JACKSONVILLE, Fla. — Megan Whitaker was only 29 years old when she went to sleep and didn’t wake up.
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“They say grief is pent-up love that has nowhere to go,” Keyla Morgan, the woman’s mother, said. “It comes in waves.”
The blonde-haired woman loved to cheer, sing and swim. Morgan said her daughter was kind and recounted a time when they drove down the street and Megan began waving at a woman who appeared to be homeless.
“Well, she was sitting outside Publix one day and I [Megan] asked her if she was hungry, so I bought a sub and sat and had lunch with her. We prayed together mom, and we’ve been friends ever since,” Morgan said, recalling what Megan told her that day in the car.
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Morgan is approaching her third Christmas without her daughter.
“She smoked a joint to go to sleep, and she never woke up,” Morgan said. “In June, we received the autopsy, and it was marijuana laced with fentanyl.”
A recent report from USA Facts shows that 70,601 people died from fentanyl overdoses in the country in 2021. That’s 26 times higher than a decade ago. The Drug Enforcement Administration recently found that 6 out of 10 fentanyl-laced pills have a lethal dose of the drug.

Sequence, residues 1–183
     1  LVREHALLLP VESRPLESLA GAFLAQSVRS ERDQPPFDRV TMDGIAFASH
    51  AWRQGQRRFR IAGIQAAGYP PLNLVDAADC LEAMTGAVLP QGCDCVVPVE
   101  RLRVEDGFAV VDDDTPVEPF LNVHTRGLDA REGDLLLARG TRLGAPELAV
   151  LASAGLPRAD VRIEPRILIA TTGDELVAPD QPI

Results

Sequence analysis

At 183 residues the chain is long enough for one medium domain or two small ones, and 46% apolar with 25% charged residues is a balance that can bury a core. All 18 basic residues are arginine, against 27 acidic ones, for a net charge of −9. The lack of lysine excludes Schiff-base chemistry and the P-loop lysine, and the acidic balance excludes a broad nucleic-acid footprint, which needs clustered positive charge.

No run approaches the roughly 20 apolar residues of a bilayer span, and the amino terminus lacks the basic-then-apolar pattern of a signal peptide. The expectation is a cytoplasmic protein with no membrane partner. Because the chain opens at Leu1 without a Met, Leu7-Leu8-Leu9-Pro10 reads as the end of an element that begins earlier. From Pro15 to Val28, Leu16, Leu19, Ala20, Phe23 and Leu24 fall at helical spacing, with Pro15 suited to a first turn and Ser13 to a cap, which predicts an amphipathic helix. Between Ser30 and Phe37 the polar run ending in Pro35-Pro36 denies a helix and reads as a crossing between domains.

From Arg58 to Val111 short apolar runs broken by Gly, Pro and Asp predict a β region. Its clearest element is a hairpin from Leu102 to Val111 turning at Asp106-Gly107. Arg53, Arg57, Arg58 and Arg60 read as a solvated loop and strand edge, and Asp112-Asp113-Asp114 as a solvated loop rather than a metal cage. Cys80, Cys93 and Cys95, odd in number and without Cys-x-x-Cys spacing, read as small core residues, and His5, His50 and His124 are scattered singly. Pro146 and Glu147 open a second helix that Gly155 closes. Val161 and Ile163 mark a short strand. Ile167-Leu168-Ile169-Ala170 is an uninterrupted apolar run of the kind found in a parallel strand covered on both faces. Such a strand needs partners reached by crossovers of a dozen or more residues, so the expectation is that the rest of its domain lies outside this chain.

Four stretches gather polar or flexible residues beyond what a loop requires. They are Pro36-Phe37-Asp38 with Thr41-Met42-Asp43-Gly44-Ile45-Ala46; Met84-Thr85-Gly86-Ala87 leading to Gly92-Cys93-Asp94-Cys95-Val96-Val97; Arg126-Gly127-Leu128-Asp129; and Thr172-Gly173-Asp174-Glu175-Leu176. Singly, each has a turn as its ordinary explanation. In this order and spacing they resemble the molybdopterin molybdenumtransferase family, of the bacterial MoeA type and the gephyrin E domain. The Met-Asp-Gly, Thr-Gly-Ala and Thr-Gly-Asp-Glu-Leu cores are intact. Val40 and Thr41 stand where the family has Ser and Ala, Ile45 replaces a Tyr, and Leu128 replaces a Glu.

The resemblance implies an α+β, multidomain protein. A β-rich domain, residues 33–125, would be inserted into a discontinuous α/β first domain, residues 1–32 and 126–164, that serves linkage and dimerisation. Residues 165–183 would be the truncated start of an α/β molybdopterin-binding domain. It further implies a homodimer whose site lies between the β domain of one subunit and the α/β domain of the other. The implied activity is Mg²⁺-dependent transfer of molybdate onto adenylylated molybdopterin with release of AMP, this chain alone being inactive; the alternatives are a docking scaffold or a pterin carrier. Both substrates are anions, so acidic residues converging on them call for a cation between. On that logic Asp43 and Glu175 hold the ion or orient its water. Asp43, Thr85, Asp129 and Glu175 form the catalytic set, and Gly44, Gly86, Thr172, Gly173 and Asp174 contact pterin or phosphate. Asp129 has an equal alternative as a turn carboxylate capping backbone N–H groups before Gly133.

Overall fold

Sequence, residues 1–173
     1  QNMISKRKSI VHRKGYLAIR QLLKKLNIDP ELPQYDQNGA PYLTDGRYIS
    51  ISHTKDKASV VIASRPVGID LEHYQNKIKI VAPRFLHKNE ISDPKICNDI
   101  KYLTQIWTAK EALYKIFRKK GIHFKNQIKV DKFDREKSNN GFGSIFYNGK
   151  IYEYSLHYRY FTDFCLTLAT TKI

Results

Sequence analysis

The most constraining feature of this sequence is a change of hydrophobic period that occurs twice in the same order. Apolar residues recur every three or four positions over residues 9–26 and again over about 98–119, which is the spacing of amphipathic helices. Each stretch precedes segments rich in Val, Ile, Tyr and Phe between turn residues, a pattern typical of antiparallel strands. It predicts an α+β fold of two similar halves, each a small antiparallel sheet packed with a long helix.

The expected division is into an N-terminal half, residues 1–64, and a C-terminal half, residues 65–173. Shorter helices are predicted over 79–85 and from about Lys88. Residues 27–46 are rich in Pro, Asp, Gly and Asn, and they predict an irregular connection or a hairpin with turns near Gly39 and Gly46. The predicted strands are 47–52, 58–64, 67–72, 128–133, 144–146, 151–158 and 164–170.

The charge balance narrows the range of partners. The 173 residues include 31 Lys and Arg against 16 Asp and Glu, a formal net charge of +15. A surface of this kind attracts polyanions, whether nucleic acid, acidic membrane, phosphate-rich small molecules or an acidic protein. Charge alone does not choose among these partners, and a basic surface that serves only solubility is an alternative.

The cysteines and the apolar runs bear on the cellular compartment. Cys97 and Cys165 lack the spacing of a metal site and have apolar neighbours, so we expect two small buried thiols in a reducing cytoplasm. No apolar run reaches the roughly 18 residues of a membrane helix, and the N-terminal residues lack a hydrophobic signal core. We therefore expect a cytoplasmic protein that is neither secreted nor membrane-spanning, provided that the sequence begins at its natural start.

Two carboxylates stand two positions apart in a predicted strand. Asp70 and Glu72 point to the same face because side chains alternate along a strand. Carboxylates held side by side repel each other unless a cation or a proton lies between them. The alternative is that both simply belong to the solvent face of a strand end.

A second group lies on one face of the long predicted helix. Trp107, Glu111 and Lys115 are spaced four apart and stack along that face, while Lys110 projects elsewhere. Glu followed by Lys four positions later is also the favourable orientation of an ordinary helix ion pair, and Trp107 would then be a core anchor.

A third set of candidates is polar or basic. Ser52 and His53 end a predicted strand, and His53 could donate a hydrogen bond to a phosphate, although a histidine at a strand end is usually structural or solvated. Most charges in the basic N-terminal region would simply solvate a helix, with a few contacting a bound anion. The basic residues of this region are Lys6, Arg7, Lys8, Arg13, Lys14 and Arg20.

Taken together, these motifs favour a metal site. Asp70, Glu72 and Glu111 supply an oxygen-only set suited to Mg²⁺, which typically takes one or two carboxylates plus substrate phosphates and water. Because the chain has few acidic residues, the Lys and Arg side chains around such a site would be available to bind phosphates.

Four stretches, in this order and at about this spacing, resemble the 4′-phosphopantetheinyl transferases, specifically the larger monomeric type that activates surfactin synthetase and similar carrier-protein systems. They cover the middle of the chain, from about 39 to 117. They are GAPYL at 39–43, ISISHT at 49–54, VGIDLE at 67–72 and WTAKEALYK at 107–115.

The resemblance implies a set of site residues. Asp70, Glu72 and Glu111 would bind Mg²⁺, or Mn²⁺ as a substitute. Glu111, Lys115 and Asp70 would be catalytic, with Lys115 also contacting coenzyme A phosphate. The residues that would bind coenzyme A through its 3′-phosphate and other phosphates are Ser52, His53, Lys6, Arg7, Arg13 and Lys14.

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Morgan wants to warn families of the dangers of fentanyl-laced drugs. She said whether it’s marijuana or something else, you often cannot know the source of where it’s coming from or whether it has been laced with something deadly.
“It can happen to absolutely anyone,” Morgan said.
The Florida Department of Health has just added a higher dose of naloxone to its arsenal. This is in an effort to help emergency responders deal with the opioid crisis.
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